Quick about-turn on Nkandla photos
THE MEDIA has misconstrued a cabinet directive over the publication of photographs of President Jacob Zuma’s Nkandla home, a government spokeswoman said yesterday.
“Government has no problem with the media publishing pictures of national key points, including President Jacob Zuma’s Nkandla residence, as it is part of their daily line of duty,” said Government Communication and Information System (GCIS) acting chief executive Phumla Williams.
“However, zooming into safety and security features of National Key Points is a challenge as it compromises national security.”
Several newspapers printed photographs of the Nkandla residence yesterday after a warning by State Security Minister Siyabonga Cwele that it was illegal.
Cwele was addressing a briefing on Thursday that was dominated by the tussle between the government and Public Protector Thuli Madonsela over her impending report on the use of public funds to upgrade security at Nkandla.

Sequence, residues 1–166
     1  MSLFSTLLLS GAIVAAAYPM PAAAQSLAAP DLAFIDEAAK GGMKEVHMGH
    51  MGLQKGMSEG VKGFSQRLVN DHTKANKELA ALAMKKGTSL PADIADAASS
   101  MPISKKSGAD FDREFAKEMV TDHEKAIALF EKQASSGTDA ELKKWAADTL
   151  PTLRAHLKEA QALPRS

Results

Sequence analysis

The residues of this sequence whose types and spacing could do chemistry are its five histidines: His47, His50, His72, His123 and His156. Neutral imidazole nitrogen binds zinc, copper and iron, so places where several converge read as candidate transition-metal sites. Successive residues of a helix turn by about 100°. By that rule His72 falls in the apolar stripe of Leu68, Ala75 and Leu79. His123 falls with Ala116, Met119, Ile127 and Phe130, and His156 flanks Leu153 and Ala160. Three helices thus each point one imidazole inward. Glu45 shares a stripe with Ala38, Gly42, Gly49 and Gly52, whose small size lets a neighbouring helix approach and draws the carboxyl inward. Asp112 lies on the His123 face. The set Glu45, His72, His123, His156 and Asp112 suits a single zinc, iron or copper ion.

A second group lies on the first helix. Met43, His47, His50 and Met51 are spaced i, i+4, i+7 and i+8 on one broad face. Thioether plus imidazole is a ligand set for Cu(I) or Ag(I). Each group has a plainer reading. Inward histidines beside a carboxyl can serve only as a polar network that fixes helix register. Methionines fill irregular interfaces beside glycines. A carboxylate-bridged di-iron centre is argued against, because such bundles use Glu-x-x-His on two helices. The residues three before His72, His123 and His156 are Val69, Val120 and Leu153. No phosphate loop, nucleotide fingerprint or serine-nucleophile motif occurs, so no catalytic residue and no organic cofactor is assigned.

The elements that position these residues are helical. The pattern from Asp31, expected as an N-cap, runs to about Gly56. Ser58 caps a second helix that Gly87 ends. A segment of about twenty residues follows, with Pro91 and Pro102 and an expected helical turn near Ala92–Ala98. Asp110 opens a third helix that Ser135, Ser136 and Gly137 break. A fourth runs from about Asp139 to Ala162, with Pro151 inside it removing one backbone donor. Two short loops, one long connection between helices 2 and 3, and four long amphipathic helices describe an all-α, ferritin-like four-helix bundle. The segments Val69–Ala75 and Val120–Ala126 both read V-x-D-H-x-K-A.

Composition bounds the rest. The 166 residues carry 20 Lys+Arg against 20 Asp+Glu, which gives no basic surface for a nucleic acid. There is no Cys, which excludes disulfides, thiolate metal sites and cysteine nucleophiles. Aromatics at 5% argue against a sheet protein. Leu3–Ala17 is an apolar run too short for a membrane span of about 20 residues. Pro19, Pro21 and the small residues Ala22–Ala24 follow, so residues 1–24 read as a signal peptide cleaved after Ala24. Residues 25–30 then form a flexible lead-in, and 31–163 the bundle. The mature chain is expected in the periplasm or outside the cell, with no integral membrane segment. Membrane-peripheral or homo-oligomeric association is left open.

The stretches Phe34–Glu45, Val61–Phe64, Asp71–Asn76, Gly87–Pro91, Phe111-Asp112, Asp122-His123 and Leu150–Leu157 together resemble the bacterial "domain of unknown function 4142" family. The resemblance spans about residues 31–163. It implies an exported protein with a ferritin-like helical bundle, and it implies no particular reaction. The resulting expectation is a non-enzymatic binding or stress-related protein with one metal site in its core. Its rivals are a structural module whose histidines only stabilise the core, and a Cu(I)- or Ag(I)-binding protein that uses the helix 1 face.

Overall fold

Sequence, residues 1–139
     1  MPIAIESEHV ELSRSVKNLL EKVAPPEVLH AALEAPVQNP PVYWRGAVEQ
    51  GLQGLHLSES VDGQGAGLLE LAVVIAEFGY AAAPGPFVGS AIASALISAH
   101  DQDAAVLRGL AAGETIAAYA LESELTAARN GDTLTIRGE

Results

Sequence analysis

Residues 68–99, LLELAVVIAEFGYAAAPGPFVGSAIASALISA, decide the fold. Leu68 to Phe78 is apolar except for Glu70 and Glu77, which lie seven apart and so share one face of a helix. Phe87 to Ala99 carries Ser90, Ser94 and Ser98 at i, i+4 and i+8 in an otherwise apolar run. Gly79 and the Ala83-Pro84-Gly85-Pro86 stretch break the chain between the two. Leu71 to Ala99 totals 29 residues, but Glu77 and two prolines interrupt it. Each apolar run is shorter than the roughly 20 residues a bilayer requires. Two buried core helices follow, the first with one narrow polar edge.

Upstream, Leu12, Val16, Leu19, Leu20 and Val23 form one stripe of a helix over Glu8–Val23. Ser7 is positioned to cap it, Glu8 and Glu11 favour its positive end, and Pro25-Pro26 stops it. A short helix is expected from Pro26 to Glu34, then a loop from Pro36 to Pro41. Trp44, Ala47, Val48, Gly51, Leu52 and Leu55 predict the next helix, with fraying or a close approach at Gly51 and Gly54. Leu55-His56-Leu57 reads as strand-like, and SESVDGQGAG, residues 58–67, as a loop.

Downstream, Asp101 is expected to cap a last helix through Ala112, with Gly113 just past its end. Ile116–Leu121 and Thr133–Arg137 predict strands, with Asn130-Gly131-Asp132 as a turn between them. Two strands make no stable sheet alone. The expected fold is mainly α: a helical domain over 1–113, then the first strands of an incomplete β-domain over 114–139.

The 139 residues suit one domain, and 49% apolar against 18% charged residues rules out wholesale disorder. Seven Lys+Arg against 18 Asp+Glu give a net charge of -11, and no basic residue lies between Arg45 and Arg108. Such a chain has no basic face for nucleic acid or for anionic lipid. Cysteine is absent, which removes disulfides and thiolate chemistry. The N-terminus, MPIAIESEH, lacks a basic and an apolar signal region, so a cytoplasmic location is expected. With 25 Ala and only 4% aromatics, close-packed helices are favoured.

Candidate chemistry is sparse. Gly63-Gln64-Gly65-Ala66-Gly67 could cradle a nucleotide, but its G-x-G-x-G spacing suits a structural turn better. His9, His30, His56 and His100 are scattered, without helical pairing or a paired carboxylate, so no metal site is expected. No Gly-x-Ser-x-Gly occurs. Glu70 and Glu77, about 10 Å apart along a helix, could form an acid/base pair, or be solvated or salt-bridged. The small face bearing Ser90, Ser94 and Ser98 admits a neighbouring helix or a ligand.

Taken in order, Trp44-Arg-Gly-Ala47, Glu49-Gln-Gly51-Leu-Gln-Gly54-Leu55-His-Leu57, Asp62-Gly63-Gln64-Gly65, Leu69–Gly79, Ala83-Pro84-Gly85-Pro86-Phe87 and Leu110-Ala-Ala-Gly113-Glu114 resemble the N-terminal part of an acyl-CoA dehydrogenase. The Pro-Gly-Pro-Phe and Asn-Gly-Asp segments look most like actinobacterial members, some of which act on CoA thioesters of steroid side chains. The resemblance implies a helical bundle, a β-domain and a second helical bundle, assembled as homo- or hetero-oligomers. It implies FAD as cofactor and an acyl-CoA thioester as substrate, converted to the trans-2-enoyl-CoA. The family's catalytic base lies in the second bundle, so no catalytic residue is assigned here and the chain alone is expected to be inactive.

Williams suggested the media had misconstrued the directive and that reporting on the matter was out of context, providing a disingenuous view to the public.
“The publication of security features of President Zuma’s home directly opens access to and can obviously pose a threat and risk to the personal safety of the head of state.”
Rather, the GCIS urged the media to take a responsible stance by not publishing “any security features of National Key Points” that may compromise national safety.
In Parliament on Thursday, Cwele had said publishing photographs of Nkandla was an unacceptable security breach under the National Key Points Act.
Police Minister Nathi Mthethwa said Zuma was the victim of a propaganda campaign suggesting he used taxpayers’ money for his private home. This was a lie.
“Those who do so follow the example of Joseph Goebbels, the propagandist of Hitler. No matter how often you repeat this lie, it is a lie.” – Sapa